open data day versus legal codes

Yesterday was International Open Data Day, wherein people from around the world volunteer their time to help make data more accessible. My big lesson from the event was that we still have a long way to go to making the legal code accessible by modern standards.


I was mostly self-interested and used it as an excuse to get my feet wet with GIS software. I worked with Andrew Salzberg on his proposal to encode and map the DC zoning laws into something useful. By the end of the day, we had a first draft of zoning-allowed floor-to-area ratio (FAR) and metro stops. It’s missing zoning overlays (like the one that limits density around Dupont Circle Metro), but it’s already pretty obvious that there is no real relationship between what sort of density (measured by FAR) the zoning code allows and where the Metro stops are.

The big lesson in putting this together is what a lousy job the authors of legal code do in producing anything with much logic to it. Here’s the original DC zoning summary that we had to parse down to make the map. Some zone designations, like C-1, give a FAR directly; others, like the HE-1 through HE-4 zone designations, list lot occupancy and the maximum number of floors. In short, it’s a document that evolved, with no serious concern for consistency or legibility. Continue reading


bringing calm to american discourse

Jeff Gates is an artist among other things. He conceived of this piece of art to bring some calm to the political system in the US these days. He also started the Camomile Tea Party.

I like that the poster is placed downtown in a location that will see many people walking by. Lots of bureaucrats there. Unfortunately, people ignore the ads these days.

Hat tip to

farewell interns

It’s August, and this Washingtonian is joining the exodus. But it’s not just the lifers emptying out offices all over DC. The interns are leaving too. This summer I helped teach the Washington program for Virginia Tech undergraduates – like many programs sponsored by universities in Washington, the VT program includes both coursework and internships. I participated in a similar program as an undergraduate at Notre Dame. I remember being confused and irritated when I learned my internship assignment would be in the Treasury Inspector General’s office, but years later I look back on it as a formative experience. This summer, I saw VT Washington program interns inspired by internships in organizations like the Project on Government Oversight (POGO), National Oceanic and Atmospheric Administration (NOAA), and the City of Alexandria GIS Division. Not always smooth sailing, but I go away with new confidence in the next generation of bureauphiles. Farewell interns!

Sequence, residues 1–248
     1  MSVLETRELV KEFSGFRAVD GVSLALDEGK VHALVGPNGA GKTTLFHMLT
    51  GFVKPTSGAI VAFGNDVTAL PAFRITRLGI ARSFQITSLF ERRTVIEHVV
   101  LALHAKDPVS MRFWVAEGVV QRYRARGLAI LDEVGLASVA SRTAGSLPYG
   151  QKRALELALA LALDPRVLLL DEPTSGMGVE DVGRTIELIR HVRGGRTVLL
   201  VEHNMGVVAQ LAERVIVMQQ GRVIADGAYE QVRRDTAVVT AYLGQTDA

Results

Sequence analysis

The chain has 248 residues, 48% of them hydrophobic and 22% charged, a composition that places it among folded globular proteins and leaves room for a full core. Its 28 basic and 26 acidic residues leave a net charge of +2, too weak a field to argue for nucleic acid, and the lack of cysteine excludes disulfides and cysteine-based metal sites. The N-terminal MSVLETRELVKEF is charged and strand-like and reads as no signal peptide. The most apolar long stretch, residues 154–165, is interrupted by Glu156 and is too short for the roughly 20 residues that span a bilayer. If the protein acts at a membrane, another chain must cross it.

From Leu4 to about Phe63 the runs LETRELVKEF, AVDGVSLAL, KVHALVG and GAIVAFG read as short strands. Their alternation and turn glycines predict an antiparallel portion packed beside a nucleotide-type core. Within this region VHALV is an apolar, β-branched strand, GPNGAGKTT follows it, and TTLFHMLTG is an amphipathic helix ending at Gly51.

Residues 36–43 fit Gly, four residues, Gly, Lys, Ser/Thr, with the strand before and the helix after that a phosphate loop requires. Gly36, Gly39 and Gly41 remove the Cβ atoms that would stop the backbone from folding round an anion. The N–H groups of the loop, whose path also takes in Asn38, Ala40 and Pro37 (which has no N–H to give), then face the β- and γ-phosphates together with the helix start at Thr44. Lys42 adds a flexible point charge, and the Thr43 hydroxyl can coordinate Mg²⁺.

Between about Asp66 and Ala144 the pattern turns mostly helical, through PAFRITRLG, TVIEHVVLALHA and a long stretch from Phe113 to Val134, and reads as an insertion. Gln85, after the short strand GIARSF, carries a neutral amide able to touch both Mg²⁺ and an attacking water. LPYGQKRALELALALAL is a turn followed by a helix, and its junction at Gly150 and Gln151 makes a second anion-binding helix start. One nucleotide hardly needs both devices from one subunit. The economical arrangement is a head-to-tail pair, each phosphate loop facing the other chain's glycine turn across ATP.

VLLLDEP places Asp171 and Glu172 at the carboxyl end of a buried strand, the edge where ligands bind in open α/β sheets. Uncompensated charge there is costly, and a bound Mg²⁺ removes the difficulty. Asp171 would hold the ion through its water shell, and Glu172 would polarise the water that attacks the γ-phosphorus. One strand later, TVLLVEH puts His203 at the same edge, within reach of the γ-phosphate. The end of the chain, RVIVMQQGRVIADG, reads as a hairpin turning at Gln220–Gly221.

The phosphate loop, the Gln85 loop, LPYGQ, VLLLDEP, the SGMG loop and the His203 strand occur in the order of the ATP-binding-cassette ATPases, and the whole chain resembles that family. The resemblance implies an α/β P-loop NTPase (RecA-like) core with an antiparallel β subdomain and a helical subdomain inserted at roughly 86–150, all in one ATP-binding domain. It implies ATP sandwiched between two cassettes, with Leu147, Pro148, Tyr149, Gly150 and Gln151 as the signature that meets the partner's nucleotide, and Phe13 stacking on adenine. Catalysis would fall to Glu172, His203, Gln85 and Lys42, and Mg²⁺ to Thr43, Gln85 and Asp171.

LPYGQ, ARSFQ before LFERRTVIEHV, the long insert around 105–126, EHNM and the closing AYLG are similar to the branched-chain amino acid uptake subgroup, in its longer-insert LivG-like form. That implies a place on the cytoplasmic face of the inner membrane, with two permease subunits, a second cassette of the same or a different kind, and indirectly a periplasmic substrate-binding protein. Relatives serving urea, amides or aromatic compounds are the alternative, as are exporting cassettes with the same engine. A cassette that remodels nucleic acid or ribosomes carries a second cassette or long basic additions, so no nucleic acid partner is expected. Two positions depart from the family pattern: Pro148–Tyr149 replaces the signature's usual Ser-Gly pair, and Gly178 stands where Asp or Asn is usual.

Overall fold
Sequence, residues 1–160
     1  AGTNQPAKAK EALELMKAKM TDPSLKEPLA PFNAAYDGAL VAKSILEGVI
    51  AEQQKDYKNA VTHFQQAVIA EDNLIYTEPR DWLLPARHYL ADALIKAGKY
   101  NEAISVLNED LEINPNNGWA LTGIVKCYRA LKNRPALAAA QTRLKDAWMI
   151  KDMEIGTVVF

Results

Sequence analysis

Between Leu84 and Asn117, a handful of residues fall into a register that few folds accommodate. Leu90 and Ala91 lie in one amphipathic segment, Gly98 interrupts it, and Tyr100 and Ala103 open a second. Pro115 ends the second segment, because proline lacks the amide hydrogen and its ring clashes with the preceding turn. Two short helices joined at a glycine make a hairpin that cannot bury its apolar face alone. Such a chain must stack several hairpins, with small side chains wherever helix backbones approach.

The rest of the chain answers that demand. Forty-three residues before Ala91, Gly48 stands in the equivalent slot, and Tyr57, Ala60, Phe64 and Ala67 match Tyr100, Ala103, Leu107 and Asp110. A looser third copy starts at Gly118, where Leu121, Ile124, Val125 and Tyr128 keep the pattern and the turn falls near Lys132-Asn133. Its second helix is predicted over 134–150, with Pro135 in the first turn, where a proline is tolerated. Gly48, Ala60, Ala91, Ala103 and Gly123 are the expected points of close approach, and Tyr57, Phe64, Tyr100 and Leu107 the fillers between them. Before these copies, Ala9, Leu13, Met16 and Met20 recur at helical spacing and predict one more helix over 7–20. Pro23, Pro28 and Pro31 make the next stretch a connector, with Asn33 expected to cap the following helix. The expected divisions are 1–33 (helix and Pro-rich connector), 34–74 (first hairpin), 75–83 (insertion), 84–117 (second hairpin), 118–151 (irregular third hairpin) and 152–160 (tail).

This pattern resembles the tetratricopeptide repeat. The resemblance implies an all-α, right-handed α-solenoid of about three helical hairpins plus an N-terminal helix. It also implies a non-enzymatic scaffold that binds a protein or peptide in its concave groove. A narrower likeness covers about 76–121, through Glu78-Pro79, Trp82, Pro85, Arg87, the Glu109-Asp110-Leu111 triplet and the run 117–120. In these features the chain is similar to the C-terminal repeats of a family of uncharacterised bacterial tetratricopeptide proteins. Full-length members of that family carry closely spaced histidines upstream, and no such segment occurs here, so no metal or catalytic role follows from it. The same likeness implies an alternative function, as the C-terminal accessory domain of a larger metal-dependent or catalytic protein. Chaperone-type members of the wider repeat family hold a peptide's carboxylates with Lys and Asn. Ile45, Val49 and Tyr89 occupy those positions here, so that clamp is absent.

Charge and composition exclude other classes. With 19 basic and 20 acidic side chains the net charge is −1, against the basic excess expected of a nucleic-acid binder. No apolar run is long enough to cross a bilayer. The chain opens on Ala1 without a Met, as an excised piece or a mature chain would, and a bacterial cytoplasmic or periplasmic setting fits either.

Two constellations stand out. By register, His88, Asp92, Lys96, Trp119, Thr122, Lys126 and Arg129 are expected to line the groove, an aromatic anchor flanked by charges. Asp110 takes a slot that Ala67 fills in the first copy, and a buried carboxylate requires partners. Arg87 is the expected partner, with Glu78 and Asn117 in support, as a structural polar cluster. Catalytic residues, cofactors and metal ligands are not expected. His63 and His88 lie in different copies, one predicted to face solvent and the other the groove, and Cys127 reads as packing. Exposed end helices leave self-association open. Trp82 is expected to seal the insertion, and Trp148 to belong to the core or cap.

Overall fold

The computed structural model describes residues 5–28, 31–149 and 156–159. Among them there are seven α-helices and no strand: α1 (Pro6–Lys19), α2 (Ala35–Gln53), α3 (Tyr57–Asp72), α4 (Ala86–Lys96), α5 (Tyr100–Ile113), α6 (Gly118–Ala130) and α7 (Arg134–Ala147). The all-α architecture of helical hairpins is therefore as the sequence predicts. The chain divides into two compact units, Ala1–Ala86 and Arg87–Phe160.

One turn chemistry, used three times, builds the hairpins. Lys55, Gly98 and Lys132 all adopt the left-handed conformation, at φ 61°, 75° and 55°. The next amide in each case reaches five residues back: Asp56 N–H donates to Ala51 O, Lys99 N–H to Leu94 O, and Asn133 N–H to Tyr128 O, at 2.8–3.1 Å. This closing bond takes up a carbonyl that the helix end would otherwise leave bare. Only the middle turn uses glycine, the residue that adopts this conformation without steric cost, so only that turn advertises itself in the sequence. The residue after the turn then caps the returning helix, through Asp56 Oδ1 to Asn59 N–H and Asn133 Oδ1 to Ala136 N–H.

cab wars, continued

Today’s Washington Post includes an article detailing new taxicab regulations taking hold in DC. In a post last week, I mentioned the contentious history of the rules governing cabs in the district. Today’s article gives the driver’s perspective, noting that DC’s cabs are more plentiful with many more drivers working as independent contractors (whereas cities like New York are dominated by large cab companies). Will reform change all of that as drivers have long feared? Continue reading

a slow train wreck in dc

The administration of DC Mayor Vincent Gray has been a slow train wreck – the farcical allegations of Sulaimon Brown have led from one revelation to another uncovering massive fraud during the the 2010 Gray campaign. It’s enough to bring a bureauphile down. DC news personality Kojo Nnamdi captures the Gray train wreck, placing the whole depressing affair in the context of DC’s stunted political culture.